Our Knoxville ALS Support group was fortunate to hear a presentation, “Bases Loaded: Poised for the Next Strike Against Lou Gehrig’s Disease”, by Richard S. Bedlack MD PhD FAAN,DukeUniversityat our past meeting on January 18, 2012. The overview of the presentation covered, History lesson, Progress since Lou Gehrig, Why don’t we have a cure yet?, How we are “loading the bases”, and Where might the “Next Strike” come from.
ALS (Amyotrophic Lateral Sclerosis) was known of in the medical word as early as 1874. It was given the name Lou Gehrig’s Disease for the well-know Yankee baseball player who let the world become familiar with this disease from which he passed away from in 1939. ALS attacks both the upper and lower motor neurons.
Progress since Lou Gehrig:
Multi-Disciplinary Clinics have been set in place to help prolong survival, and preserve quality of live. Medications are given to help with drooling, pseudo bulbar affect, pain, shortness of breath, constipation, insomnia, and depression. One FDA approved medication prescribed is Riluzole, which prolongs survival a few months, but does not affect the quality of life. Equipment such as power chairs, lifts, beds, speech generating devices, feeding tubes, spinal pumps, cough assist, percussion vests, non-invasive and invasive ventilators have been very helpful to patients. The FDA HUD approved a Diaphragm Pacing System in 2011 for carefully selected patients. The efficacy is still unclear. It is said to slow decline in FVC, prolong tracheotomy-free survival and improve sleep, but the data is highly flawed thus far. Eye gaze systems have also been helpful to patients to communicate and run devises. Clinical trials are in process constantly.
Why don’t we have a cure yet?
Diagnosis takes too long. Usually it takes 14 months from symptom onset to diagnosis. 50% of the motor neurons are lost during this timeframe.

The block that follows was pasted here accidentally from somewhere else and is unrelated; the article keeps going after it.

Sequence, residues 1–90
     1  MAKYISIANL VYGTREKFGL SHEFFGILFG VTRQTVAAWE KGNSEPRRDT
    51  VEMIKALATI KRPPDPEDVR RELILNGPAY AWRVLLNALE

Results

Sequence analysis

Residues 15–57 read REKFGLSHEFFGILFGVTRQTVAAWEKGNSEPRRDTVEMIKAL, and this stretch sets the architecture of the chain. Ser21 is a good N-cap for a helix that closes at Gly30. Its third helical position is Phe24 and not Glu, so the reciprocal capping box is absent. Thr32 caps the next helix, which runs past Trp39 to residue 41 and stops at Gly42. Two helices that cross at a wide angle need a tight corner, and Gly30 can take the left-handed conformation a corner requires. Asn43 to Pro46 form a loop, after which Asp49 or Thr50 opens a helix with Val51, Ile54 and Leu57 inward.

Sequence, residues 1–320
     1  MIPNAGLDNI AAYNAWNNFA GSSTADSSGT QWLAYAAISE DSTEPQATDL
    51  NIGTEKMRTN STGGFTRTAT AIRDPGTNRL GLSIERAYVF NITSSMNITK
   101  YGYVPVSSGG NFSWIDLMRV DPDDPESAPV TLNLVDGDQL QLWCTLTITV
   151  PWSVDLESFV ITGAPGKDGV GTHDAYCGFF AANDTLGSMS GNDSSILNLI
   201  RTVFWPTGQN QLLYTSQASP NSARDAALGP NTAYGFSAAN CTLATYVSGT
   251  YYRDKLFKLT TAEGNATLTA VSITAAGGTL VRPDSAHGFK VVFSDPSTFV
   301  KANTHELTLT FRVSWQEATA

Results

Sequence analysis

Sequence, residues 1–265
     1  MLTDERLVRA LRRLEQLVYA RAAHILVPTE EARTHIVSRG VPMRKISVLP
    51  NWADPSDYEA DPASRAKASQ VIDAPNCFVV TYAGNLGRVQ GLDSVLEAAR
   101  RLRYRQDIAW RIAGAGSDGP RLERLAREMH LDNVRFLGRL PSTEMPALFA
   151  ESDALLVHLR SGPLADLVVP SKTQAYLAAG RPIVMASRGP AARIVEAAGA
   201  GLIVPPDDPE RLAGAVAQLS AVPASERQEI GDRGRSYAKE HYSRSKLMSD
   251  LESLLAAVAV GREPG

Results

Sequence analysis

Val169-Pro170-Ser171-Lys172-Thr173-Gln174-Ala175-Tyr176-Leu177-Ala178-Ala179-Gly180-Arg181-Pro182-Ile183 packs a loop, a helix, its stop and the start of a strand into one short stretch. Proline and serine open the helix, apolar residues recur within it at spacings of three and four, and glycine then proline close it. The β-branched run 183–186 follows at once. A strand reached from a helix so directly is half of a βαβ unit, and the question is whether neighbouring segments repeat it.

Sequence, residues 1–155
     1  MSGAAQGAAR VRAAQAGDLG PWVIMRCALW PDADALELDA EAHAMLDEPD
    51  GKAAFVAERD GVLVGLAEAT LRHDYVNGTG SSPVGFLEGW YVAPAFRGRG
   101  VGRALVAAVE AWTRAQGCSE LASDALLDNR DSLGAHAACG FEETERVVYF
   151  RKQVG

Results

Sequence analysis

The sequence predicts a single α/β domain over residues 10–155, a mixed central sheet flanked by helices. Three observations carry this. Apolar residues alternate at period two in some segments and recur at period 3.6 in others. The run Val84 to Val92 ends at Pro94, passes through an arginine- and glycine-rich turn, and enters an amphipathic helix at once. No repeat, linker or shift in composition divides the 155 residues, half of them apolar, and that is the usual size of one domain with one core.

How we are “loading the bases?
Dr. Bedlack stated that research is on the cusp of diagnosing biomarkers which will help doctors make a diagnosis faster and more accurate. Proteomics are revolutionizing search. The second Pasinetti study is currently underway in which they are looking into a SELDI Protein Chip Technology hoping to replicate the results from the first study. Electro physiologic Candidates: “The Million Dollar Baby” is a way of measuring diseased muscle through a set of four electrodes applied to the skin which can measure muscle deterioration caused by ALS. The rate of gene discovery in ALS is increasing. The summer of 2011, UBQLN2 and C9irf72 two of the newest genes were found of the 22 that cause familiar ALS.
Research is also looking into disease origins. There are two types of ALS, Familial ALS and Sporadic ALS. Two studies are being done on susceptibility genes. They are also looking at exposures such as toxins, athleticism, smoking, high fat diets and trauma.
A big way to get government support ($) for ALS research is through all patients enrolling on the National ALS Registry, www.cdc.gov/als or by calling (800) 232-4636. Through this registry not only will ALS research receive funds, but they can also investigate clusters of registered ALS patients throughout the world.
Research has shown that the ALS is not due to the SOD1 protein deficiency. SOD1 gets rid of free radicals. In ALS the SOD1 gains a toxic function. Mutations in the SOD1 impair multiple cell functions. Through their research they are finding that Protein is the problem, not the lack of it. Research is finding an emerging theme; events occurring outside the motor neuron may play a major role.
Where will the next strike come from?
A rich pipeline of new candidate therapies is emerging: new mechanisms, high throughout drug screening and novel attach strategies including drugs attached to viral vectors, gene therapy, Antisense Oligos/RNA interference, and stem cells.
Stem cell is the only therapy that might be able to restore lost function, but questions remain yet unknown such as: the source, the amount, the location, do they replace glial cells or neurons, and are additional meds needed. In the USA, Neuralstem (www.neuralstem.com) has FDA approval for a pilot trial in American ALS patients. The pilot trial was at Emery in January of 2010. 12 total patients transplanted so far; no obvious harm; 8 surviving patients seem to have improved progression rates of which 1 of the 8 is getting stronger. This is very exciting news! BEWARE OF FRAUDS! Google, 20/20, “21st Century Snake Oil”. Also go to www.ALSUntangled.com to check on myths.
Symptom management has improved markedly; PALS are living better and longer than ever before.
There is still no markedly effective disease modifying therapy. However, gains in diagnosing and understanding the disease are “loading the bases” for something big.
We have a rich pipeline of therapeutic candidates in trials and may soon be able to slow ALS more effectively. The next generation of therapy may even be able to reverse it.